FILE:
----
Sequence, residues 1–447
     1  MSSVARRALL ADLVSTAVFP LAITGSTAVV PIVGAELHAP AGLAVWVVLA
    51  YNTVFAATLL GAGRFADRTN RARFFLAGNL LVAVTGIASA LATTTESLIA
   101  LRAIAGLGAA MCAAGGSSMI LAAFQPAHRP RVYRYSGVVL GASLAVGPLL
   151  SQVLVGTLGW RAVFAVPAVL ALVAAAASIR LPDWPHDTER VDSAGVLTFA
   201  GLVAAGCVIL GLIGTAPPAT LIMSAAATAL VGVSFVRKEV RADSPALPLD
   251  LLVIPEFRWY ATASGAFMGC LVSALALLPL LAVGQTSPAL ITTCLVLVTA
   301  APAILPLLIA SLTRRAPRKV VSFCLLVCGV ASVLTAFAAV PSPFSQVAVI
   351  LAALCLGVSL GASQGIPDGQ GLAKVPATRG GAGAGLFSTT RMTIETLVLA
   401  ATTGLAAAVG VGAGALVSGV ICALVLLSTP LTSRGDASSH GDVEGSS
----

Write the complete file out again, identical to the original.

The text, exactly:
Sequence, residues 1–447
     1  MSSVARRALL ADLVSTAVFP LAITGSTAVV PIVGAELHAP AGLAVWVVLA
    51  YNTVFAATLL GAGRFADRTN RARFFLAGNL LVAVTGIASA LATTTESLIA
   101  LRAIAGLGAA MCAAGGSSMI LAAFQPAHRP RVYRYSGVVL GASLAVGPLL
   151  SQVLVGTLGW RAVFAVPAVL ALVAAAASIR LPDWPHDTER VDSAGVLTFA
   201  GLVAAGCVIL GLIGTAPPAT LIMSAAATAL VGVSFVRKEV RADSPALPLD
   251  LLVIPEFRWY ATASGAFMGC LVSALALLPL LAVGQTSPAL ITTCLVLVTA
   301  APAILPLLIA SLTRRAPRKV VSFCLLVCGV ASVLTAFAAV PSPFSQVAVI
   351  LAALCLGVSL GASQGIPDGQ GLAKVPATRG GAGAGLFSTT RMTIETLVLA
   401  ATTGLAAAVG VGAGALVSGV ICALVLLSTP LTSRGDASSH GDVEGSS